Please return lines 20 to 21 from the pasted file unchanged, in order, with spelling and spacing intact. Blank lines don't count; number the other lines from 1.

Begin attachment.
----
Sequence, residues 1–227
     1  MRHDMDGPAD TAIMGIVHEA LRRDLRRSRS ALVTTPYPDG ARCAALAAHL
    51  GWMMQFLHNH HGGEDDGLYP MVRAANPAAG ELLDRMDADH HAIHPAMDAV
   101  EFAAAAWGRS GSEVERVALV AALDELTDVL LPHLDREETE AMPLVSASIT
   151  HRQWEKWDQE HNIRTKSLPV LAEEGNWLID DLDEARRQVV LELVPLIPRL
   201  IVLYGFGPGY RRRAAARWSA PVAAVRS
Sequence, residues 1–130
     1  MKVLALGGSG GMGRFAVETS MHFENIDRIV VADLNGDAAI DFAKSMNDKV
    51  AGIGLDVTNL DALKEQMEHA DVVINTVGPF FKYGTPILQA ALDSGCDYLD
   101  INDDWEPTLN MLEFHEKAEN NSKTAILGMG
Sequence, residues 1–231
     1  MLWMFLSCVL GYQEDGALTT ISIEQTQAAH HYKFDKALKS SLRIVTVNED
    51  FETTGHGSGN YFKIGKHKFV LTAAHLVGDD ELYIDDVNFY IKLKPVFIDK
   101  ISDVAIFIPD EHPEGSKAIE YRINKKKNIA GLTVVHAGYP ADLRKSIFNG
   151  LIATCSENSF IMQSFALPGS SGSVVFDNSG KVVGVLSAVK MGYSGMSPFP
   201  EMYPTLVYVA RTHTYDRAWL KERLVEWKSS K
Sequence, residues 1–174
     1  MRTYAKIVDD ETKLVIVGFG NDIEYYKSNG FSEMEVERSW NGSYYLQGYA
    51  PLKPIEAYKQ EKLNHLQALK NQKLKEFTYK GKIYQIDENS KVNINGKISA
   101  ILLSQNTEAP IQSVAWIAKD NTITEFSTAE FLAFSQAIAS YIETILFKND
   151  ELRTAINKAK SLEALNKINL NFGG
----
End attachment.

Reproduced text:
   101  ILLSQNTEAP IQSVAWIAKD NTITEFSTAE FLAFSQAIAS YIETILFKND
   151  ELRTAINKAK SLEALNKINL NFGG